New Idaho HOA Decision From Supreme Court

New Idaho HOA Decision From Supreme Court

June 23rd, 2015
Author:  Jeremy Evans, Brindee Probst

Although Idaho courts rely on principles of contract construction to interpret covenants, conditions, and restrictions, there are a few instances that highlight the unique nature of these equitable servitudes and covenants appurtenant to title.  One such instance arises when the owners decide to amend terms of their governing documents to restrict rental of private property.   This situation was recently addressed by the Idaho Supreme Court in Adams v. Kimberley One Townhouse Owner’s Association, Inc.  The Kimberley One decision provides new guidance and clarity in this area to homeowner associations in Idaho that wish to amend their covenants.

Unlike a contract, most declarations of covenants, conditions and restrictions (called generally in the Kimberly One opinion and herein “CC&Rs”) contain a provision that permits a supermajority of the owners to amend the terms of the CC&Rs with a vote.  Usually at least two-thirds of the total votes are required, although sometimes more votes are needed.  Often the amendment must also be recorded on title to the subdivision before it becomes effective.  The specific terms of the CC&Rs will dictate how an amendment is passed and becomes effective.

Legal counsel advising homeowner and condominium associations are often asked whether there are limits to what a CC&R amendment can change.  This question has been particularly keen in relation to rental restrictions.  Some CC&Rs contain clear limits on the manner or number of rentals permitted in the community.  Other associations have CC&Rs that are silent on this topic.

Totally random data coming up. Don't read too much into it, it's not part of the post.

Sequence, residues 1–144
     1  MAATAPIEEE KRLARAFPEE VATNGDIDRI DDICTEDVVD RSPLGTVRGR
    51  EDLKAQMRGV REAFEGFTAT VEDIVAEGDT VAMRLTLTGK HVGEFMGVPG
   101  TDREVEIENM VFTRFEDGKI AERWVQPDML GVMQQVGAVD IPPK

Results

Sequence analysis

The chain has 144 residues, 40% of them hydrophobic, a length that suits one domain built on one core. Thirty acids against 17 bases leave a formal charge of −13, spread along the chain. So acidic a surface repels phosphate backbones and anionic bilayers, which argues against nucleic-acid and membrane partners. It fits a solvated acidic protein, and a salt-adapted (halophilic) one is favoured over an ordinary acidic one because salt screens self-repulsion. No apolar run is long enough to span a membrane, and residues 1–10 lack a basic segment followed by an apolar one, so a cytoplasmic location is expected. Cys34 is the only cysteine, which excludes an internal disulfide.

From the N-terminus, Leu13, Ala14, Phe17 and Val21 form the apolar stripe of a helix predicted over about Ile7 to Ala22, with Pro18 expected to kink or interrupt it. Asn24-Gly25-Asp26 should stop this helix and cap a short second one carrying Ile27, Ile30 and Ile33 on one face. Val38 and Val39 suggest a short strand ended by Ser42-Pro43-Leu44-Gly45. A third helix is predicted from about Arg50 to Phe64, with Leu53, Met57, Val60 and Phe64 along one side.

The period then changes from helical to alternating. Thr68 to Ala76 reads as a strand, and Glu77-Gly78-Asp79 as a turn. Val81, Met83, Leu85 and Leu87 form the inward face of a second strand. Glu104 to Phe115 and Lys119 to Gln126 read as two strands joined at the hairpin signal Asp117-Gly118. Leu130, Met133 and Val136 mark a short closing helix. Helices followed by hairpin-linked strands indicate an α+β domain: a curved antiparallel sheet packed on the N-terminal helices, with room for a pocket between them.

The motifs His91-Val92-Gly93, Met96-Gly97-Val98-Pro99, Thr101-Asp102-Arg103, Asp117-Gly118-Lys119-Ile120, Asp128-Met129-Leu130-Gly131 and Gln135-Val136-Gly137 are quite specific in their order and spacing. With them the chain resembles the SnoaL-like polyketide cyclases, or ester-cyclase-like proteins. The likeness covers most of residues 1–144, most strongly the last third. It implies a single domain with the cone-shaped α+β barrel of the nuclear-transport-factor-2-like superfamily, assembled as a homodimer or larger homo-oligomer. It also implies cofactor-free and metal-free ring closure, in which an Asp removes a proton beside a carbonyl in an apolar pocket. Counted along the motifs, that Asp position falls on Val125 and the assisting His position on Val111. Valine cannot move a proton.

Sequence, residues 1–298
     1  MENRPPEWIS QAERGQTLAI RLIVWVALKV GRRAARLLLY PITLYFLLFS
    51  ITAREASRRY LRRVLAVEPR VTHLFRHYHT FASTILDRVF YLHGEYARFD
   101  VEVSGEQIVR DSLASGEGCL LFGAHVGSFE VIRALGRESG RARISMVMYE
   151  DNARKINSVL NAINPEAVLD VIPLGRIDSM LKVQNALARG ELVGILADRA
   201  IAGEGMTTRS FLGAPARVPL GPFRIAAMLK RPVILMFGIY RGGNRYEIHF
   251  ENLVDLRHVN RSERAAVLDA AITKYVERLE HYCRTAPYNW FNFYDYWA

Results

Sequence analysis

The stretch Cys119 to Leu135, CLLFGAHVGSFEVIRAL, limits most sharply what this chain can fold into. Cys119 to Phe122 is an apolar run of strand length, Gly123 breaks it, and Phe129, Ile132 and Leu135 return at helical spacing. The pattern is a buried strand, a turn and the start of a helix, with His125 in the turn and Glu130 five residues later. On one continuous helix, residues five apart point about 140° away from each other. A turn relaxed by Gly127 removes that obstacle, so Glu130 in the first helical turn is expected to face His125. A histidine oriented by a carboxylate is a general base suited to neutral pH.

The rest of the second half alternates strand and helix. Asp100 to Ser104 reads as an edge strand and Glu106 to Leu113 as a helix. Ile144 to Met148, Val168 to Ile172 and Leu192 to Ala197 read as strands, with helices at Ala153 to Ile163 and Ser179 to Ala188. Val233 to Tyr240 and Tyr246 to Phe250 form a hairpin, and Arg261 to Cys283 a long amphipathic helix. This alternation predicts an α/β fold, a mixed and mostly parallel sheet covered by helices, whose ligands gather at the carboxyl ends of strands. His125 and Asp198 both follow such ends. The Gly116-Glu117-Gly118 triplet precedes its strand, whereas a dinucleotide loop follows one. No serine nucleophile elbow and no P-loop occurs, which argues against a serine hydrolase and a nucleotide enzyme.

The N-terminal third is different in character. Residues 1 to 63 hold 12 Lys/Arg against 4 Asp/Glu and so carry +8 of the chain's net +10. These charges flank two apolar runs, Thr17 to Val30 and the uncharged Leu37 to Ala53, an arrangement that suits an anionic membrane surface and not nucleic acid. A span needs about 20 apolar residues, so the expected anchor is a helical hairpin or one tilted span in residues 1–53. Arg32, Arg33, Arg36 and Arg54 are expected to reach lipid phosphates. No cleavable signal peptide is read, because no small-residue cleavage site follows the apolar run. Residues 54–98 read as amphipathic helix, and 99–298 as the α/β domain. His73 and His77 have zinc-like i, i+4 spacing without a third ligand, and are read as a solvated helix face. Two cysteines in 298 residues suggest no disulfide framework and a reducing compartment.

In response to the recent financial crisis, 2011 updates to federal lending regulations made the percentage of owner occupancy relevant to lending qualification for condominium communities.  This immediately brought the issue of rental restriction amendments to the attention of condominium and townhome associations seeking pre-qualification for federal lending.  Likewise, single-family communities facing depreciation of home values in their neighborhoods saw rental restrictions as a way to stave off neighborhood blight.  Many homeowners perceived tenant-occupied properties in their neighborhood as a source of depreciation or neglected appearances. 

More recently, the explosion in popularity of short-term rentals facilitated by online communities such as “Airbnb” has instigated a housing rental equivalent of taxi debate raised by “Uber” and other car-sharing sites.  Idaho courts have found that a typical restriction of property to “residential” or “non-commercial, non-business” uses does not limit or prohibit short-term, vacation-type rentals.  Therefore specific rental restrictions are often considered a tool to limit non-traditional uses of residences seen as a threat to home values and neighborhood tranquility.

The legality of amending CC&Rs to add rental restrictions has been a sticky issue for many jurisdictions.  The right to rent one’s property is arguably a fundamental property right.  Owners facing economic hardship, military activation, or job relocation in a depreciating real estate market often see no choice but to rent their homes.  Investors purchasing more than one residential property in the hope of making a profit likewise depend on rental income to support their real estate inventory.  There has a been a split between jurisdictions as to whether a majority of owners in a community can lawfully amend their CC&Rs to prevent a minority of owners from renting out their properties, or limit the number of rentals, or interfere with the rental of private property in any way. 

The Kimberley One decision has now set a clear precedent in Idaho on this question.  It also clarifies that owners can amend the requirements for amendment of their CC&Rs, and indicates that the Supreme Court is willing to uphold a homeowner associations’ assessment of fees and costs against owners as a “cost of enforcement”, even in declaratory actions or when the association is the defendant in an underlying action or appeal brought by the owner against the association.